Coin Collecting Is Fun – Spread The Word!

Posted on July 15, 2010 by

Coin collecting has always had to compete with other activities as ways to fill our spare time (if we’re lucky enough to have any).  Back when I was a kid, popular activities included baseball card collecting and trading, fishing, playing with the neighborhood kids (until dark or when Mom called us for dinner…whichever came first), riding our bikes, fighting, and getting dirty.  Today’s kids are tempted by an entirely new and different set of activities: video games, updating their Facebook pages, texting, tweeting, watching hundreds of cable channels, and listening to thousands of songs on their iPod, iPad, or iPhone.

How can coin collecting compete with this technological onslaught?  Is the “graying” of the coin collecting community because numismatics is boring, or because we haven’t done a good enough job of promoting it’s positive aspects, especially to kids.

I believe we can do a much better job of promoting coin collecting.  Here’s how.

1. Focus on the positive. Through coin collecting, kids can learn about people, art, geography, economics, politics, history, and language.  They learn about the value of money and how to save for something they want.  They’ll learn how to organize an accumulation of coins into a meaningful collection.  They’ll learn about stewardship as they protecting their coins for the collectors of tomorrow.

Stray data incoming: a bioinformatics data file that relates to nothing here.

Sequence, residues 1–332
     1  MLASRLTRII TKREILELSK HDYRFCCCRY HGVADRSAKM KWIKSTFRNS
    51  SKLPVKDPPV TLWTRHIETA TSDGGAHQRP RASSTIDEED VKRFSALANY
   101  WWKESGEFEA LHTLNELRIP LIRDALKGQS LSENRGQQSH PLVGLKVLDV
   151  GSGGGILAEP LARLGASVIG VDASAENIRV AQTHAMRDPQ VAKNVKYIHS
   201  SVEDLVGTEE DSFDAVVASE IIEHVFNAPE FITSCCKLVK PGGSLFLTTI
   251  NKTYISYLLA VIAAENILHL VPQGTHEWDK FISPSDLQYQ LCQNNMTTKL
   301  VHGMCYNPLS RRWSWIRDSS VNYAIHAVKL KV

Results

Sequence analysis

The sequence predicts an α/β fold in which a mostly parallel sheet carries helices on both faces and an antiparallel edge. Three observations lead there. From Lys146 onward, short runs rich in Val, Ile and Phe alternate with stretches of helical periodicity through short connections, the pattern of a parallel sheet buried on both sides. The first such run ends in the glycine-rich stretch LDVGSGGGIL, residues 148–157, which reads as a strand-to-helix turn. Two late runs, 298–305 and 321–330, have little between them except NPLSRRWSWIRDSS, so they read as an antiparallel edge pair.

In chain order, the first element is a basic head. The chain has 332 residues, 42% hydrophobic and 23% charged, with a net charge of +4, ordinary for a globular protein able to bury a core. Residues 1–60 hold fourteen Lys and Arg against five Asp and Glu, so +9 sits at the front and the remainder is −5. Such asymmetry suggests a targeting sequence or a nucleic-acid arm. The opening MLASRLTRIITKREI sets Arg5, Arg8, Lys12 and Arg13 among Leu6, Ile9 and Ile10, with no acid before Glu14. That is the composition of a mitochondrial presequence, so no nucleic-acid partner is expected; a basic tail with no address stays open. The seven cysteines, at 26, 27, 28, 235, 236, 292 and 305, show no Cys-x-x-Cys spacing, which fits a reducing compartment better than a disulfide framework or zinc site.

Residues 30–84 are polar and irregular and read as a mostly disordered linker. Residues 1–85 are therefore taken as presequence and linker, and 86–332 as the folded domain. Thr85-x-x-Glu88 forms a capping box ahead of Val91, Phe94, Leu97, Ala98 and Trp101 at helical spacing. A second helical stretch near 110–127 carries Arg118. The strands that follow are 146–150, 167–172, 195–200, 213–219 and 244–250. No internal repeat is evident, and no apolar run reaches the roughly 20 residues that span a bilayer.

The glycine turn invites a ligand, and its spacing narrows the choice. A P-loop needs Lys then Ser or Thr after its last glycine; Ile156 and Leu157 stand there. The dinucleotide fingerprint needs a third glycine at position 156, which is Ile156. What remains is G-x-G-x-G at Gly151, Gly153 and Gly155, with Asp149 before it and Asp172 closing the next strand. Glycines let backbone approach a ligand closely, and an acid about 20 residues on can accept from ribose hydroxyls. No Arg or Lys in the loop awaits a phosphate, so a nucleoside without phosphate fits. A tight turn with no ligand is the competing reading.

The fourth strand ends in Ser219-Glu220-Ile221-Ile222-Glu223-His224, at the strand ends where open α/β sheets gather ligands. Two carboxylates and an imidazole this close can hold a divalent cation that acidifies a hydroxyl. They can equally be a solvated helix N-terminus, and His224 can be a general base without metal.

2. Focus on the financial aspects. Coin collecting is a great way to teach kids about saving, investing, and preserving wealth.  Buying a coin is not like buying a video game.  Both will provide hours of entertainment, but in the end, the coin will be worth something.  Coin collectors learn about the time value of money, inflation, deflation, how different currencies relate to each other, how money is valued in terms of gold and silver, and trends in pricing.

3. Spread the word. Coin collecting is not a spectator sport…it is meant to be shared.  Kids need to learn that coin collecting is a fun way to spend their time.  Give a kid a coin, take them to your local coin shop, attend a coin club meeting, help your kid develop an exhibit or a Powerpoint demonstration, help your Boy Scout Troop with their coin collecting merit badge, or give them a few dollars and let them loose at a coin show.

Most important, make it fun!

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